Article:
Community college professor Diane Finley, PhD, doesn't just bring psychology to her students. She uses it to help women at a gym in Prince George's County, Md., get into shape. And she stresses its scientific basis in working with high school psychology teachers.
Finley is not alone in moving psychology's benefits beyond her college walls to the surrounding community. Other community college faculty who are also conducting service-learning projects will join her to explain their efforts at APA's 2005 Annual Convention, Aug. 18-21 in Washington, D.C.
The session on "giving psychology away" through community service projects (see box) will illustrate ways to get "psychology and the college out there," Finley says.
"With a community college, whether in psychology or any other department, that's our mission--to get out in the community and become a part of it," she adds.
Reaching new audiences
In keeping with that public service message, Finley does more than teach her students at Prince George's Community College in Largo, Md., the importance of psychology in their daily lives. She also tells them how it can be used to help communities. A case in point: Finley gives presentations to and works individually with women in a 10-week exercise program in neighboring Bowie, Md. She helps them set personal fitness goals, stay motivated and improve their nutrition by learning about healthy food choices. She also teaches participants how to judge nutrition and exercise information in the media.
Her message doesn't stop there. Finley also created a Web site four years ago (http://academic.pgcc.edu/~dfinley/title3index.htm) to give students and the public general psychology information--such as an introduction to psychology terms, psychology career information and APA guidelines for formatting psychology documents.
She also works with local high school teachers in Prince George's and Anne Arundel counties--helping them plan lessons on teaching introductory psychology, giving them textbooks and serving as a resource on teaching psychology scientifically. She taps APA's National Standards for the Teaching of High School Psychology, which offer a road map for teaching the scientific basis of psychology.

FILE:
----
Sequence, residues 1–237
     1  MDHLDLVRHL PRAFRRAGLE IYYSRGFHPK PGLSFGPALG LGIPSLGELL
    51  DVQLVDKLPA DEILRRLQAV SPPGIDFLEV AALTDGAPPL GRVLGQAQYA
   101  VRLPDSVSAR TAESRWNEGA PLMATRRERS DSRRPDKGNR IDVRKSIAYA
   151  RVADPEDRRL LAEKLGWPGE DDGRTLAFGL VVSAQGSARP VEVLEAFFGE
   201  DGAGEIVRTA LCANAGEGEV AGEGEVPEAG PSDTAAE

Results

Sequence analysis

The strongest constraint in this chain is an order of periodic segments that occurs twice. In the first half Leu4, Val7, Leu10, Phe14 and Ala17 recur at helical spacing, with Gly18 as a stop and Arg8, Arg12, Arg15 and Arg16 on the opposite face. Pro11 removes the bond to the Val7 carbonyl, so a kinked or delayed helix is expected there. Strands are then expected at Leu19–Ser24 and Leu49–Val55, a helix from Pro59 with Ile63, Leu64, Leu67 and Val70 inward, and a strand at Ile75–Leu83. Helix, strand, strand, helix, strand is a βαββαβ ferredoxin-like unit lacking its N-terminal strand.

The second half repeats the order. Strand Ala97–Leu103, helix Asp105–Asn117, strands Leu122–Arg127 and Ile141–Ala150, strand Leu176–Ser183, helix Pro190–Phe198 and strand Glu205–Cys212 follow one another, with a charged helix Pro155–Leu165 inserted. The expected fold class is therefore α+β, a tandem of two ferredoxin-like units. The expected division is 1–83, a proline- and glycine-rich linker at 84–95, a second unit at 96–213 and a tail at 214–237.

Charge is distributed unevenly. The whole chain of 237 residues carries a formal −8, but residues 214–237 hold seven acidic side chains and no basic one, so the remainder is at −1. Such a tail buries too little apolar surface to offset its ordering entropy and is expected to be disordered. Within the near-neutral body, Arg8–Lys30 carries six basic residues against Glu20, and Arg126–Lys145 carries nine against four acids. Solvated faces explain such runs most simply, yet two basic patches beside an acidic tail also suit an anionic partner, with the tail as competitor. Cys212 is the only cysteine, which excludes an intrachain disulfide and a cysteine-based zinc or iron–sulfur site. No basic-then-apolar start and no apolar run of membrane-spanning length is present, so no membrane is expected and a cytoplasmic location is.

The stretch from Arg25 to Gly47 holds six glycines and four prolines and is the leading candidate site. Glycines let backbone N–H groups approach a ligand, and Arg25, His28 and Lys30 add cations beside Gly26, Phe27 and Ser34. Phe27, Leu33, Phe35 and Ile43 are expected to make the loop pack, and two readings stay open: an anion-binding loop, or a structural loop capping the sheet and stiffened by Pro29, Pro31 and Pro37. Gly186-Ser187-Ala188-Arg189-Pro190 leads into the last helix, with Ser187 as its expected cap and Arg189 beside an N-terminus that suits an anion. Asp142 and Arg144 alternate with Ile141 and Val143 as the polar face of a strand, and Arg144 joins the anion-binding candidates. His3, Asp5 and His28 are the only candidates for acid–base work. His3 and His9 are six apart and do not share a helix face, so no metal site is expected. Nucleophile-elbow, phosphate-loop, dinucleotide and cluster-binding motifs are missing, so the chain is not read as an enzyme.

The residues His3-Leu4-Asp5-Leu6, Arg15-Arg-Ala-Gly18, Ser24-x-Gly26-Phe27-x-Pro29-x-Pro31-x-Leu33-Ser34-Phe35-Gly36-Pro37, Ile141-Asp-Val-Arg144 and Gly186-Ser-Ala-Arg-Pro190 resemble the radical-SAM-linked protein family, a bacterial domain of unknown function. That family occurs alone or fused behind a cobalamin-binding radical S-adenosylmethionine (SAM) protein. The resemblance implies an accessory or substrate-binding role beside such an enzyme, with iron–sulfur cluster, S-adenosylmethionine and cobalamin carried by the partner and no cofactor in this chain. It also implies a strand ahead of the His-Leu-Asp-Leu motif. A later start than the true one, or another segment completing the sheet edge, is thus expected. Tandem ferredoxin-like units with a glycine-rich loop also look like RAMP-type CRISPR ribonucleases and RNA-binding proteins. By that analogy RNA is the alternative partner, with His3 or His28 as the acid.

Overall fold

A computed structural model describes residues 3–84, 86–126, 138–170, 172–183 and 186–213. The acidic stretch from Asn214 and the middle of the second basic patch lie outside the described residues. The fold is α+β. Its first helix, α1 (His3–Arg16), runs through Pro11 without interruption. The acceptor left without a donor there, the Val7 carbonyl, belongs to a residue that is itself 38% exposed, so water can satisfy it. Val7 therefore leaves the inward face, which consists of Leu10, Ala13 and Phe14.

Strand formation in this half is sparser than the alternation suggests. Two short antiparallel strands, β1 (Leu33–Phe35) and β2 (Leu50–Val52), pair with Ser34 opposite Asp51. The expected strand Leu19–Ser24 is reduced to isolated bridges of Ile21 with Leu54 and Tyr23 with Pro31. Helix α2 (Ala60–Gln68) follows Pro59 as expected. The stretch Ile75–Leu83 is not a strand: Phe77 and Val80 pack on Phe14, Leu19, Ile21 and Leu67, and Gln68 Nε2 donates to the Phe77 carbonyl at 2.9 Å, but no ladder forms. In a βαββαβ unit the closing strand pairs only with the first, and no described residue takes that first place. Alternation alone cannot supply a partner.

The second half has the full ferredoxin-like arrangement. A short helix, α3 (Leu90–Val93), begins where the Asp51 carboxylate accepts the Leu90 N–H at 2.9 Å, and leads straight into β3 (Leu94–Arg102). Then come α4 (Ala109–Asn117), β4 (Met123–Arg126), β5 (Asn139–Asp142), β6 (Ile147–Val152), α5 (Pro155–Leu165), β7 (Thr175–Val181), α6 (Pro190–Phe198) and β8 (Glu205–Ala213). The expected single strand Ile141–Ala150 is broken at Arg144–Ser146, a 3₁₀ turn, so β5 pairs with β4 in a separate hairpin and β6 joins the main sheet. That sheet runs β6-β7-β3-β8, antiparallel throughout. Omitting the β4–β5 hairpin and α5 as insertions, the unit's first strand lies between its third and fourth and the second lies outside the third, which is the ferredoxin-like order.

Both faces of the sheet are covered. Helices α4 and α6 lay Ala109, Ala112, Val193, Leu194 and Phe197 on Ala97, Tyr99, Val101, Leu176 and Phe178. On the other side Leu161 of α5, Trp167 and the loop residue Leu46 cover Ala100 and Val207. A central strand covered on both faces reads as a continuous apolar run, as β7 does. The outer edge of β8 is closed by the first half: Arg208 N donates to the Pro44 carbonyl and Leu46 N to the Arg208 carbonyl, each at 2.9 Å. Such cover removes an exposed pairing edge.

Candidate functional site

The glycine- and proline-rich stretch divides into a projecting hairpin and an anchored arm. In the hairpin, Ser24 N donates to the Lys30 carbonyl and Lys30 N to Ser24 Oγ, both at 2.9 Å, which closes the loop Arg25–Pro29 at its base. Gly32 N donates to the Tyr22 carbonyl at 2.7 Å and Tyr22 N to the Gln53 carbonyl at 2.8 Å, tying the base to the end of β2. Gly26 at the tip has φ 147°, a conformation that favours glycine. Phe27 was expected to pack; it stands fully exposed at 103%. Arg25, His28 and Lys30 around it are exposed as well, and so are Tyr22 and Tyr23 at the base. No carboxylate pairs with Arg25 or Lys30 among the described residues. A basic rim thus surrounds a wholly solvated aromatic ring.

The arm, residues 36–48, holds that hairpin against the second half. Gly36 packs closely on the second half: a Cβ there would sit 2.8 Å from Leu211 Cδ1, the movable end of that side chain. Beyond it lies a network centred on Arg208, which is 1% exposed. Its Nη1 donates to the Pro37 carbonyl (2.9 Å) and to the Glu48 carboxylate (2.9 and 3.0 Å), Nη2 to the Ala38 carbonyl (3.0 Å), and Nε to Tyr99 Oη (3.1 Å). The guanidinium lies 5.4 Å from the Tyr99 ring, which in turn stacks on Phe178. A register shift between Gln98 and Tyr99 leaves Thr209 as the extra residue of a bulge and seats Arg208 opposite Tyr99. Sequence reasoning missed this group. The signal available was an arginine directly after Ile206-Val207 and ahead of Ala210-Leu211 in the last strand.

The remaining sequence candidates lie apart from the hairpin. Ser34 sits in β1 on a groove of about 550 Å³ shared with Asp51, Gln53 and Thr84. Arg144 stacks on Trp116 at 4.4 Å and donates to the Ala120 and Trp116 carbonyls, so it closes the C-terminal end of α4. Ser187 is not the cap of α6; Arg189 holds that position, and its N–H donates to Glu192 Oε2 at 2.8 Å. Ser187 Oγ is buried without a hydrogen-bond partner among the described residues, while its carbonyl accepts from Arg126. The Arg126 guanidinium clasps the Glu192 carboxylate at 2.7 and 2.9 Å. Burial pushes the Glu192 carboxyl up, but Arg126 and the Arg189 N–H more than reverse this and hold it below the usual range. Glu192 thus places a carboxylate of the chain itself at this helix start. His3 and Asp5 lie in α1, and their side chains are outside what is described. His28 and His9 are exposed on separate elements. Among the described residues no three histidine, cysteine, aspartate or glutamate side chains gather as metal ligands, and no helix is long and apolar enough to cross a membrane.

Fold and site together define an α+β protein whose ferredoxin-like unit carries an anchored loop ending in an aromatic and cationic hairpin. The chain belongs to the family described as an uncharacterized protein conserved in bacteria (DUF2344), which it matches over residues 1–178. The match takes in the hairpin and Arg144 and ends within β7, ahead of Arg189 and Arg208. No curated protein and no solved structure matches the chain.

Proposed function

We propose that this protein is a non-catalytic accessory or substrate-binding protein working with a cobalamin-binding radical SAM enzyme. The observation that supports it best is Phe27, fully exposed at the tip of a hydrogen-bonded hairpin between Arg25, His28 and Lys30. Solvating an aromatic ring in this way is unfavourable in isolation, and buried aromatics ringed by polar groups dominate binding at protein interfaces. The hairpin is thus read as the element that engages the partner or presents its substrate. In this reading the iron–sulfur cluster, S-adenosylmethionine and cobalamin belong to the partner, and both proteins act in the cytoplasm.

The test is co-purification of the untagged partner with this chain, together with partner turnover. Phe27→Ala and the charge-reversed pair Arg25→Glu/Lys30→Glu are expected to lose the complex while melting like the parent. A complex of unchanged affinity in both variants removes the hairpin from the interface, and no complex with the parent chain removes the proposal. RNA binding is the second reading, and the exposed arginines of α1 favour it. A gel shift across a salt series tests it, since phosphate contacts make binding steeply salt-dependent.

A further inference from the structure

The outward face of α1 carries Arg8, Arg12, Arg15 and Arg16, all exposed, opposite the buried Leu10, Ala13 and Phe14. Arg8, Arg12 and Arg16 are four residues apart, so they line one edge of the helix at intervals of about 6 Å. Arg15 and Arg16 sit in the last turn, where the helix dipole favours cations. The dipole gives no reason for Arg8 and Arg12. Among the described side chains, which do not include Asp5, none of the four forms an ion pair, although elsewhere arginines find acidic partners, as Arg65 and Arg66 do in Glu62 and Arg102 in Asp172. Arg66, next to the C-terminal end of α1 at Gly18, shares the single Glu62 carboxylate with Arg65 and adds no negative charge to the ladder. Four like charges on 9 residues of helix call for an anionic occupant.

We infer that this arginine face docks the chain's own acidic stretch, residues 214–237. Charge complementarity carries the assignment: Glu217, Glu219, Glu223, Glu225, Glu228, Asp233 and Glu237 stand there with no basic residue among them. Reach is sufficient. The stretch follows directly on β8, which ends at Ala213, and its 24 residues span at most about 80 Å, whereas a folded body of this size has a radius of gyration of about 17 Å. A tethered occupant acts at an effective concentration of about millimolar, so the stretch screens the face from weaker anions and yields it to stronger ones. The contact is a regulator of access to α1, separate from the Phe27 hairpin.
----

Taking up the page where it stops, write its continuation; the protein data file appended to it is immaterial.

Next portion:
Finley says her work through the community helps recruit better students to psychology by educating the public about the field and what psychologists do.
"This helps people in the community get an idea of what a psychologist is, what a psychologist does--it's not all Oprah and Dr. Phil," Finley says.
Civic engagement is the lesson taught by Donna Killian Duffy, PhD, of Middlesex Community College in Bedford and Lowell, Mass. In 2003, Middlesex Community College and the Lowell National Historic Park received a Learn and Serve Grant--distributed through a division within the Corporation for National Service--to help college students gain an understanding of civic engagement and participate in a diverse range of initiatives that encourage citizenship and service.
In her developmental disabilities class, Duffy assigned students to visit the Lowell National Historic Park's Boott Cotton Mills Museum to assess its accessibility for people with disabilities. The museum includes exhibits on Lowell's 19th-century cotton mills and immigrant and labor history.
The students pinpointed such accessibility issues as doors being too heavy, limited signs to the bathroom and difficult-to-read exhibits. Students brainstormed ways to make the museum and its displays more accessible and presented their recommendations to park staff in early December. They also are discussing ways to create an exhibit devoted to the conditions of people with disabilities who worked in cotton mills and demonstrate how laws and advocacy for people with disabilities have evolved to the present.